Thursday, October 31, 2019

Halloween 2019

Halloween started to become a thing in Germany over the past 28 years.  Fasching is Germany's carnival season that starts at 11:11 am on 11 November and lasts until midnight on Fat Tuesday (Mardi Gras) which is the Tuesday before Ash Wednesday.  In 1991, Fasching was cancelled because of the First Gulf War and somehow Halloween stepped in to fill the gap and over the years its popularity has grown.  

In the USA Halloween costumes can be pretty much any genre imaginable, from princesses and cowboys to vampires and zombies.  In Germany Halloween costumes should only be spooky or scary like a ghost or a witch because the non-scary costumes like a clown or whatever is reserved for Fasching.

One of the benefits of having an American godfather is that Tünde gets some Halloween support.  For school today she dressed up as a witch.  After school we carved a pumpkin together.  We lit candles outside and decorated the door so that kids knew to stop by and she handed out candy in her ghost costume.  

Instead of "Trick or treat", the children say "Süßes, sonst gibt's Saures" (Give me sweets or there will be sour things).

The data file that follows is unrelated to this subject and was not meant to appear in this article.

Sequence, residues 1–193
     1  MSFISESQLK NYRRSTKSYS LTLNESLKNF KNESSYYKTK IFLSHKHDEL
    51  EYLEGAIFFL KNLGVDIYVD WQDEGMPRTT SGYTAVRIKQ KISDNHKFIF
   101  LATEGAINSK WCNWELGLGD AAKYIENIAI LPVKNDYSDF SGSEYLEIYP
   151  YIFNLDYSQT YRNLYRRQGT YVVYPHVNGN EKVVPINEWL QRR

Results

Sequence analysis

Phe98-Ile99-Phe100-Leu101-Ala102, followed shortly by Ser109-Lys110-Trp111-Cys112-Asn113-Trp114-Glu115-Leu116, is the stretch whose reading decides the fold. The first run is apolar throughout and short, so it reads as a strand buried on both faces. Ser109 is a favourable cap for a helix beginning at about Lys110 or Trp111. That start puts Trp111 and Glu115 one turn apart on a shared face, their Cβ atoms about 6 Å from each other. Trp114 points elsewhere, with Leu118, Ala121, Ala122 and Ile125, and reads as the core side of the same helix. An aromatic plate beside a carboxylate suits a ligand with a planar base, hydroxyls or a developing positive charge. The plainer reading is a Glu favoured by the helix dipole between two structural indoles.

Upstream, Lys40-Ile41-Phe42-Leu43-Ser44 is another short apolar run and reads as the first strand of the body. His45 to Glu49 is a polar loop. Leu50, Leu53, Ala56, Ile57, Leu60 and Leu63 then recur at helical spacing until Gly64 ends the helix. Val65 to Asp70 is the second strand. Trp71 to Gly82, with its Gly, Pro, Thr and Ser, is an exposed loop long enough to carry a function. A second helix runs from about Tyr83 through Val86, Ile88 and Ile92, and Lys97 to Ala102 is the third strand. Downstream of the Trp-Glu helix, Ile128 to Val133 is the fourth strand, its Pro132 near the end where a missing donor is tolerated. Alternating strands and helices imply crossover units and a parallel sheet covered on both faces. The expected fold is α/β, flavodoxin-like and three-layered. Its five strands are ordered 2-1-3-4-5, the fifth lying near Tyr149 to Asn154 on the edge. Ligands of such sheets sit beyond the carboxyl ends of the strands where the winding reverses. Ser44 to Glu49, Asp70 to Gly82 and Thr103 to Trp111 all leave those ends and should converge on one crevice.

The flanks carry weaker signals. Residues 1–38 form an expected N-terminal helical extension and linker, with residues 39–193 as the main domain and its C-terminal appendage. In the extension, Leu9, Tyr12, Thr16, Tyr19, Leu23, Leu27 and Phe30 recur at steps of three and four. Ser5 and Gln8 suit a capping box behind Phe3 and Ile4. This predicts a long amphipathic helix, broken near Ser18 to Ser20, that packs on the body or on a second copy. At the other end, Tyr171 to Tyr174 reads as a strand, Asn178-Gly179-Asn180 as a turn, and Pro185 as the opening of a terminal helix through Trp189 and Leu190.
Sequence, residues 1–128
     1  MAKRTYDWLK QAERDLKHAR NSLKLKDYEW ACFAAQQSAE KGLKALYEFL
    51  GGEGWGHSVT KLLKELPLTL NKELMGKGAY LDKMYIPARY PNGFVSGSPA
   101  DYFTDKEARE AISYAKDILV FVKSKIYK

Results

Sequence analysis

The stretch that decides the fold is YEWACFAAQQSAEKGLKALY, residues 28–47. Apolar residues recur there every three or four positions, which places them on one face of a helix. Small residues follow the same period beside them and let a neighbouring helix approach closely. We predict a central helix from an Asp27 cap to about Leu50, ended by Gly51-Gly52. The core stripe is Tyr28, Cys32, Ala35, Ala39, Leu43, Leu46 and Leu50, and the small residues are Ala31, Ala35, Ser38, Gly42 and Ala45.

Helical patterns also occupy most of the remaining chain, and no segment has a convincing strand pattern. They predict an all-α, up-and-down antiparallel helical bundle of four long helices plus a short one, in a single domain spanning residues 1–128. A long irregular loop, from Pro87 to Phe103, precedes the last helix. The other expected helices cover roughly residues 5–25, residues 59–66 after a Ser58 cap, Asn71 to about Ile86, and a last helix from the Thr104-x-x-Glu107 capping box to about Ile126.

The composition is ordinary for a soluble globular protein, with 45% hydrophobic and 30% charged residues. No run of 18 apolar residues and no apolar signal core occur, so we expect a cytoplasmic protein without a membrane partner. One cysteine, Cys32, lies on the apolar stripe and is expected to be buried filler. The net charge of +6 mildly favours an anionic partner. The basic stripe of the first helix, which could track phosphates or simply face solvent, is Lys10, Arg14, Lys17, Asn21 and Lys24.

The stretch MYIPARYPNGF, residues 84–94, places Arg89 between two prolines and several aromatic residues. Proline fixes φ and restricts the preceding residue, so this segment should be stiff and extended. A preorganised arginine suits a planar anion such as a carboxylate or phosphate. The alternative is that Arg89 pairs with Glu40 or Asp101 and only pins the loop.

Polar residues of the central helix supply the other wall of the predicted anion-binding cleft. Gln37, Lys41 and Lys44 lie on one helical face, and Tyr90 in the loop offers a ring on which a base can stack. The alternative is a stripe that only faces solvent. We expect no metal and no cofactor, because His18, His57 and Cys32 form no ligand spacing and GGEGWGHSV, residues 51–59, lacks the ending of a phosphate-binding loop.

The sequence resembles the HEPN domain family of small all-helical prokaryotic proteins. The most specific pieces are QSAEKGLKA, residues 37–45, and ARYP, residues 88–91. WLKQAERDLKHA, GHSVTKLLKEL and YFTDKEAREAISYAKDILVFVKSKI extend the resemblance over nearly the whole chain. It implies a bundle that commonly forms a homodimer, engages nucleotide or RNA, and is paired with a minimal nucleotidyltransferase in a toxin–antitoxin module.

We had maybe five or six groups of children that came by.  This may not sound like a lot but for a quiet street in Friedrichshagen this was a respectable number.

While Halloween is growing in popularity here not everyone is happy about it.  For a couple of reasons.  First, Fasching starts two weeks later on St. Martin's Day (11 November) and children go around the neighbourhood with lanterns, while singing songs or reciting poems in exchange for treats.  

Note: St. Martin's Day in Czechland is about drinking young wine and eating goose.  

The second, and probably biggest problem with Halloween is that 31 October is Reformationstag (Reformation Day) which celebrates Martin Luther's Protestant Reformation that split the Catholic Church.  It's an important day for Lutherans and it is an official religious holiday in the German states of Brandenburg, Mecklenburg-Vorpommern, Saxony, Saxony-Anhalt, and Thuringia.  All the states that used to make up East Germany.

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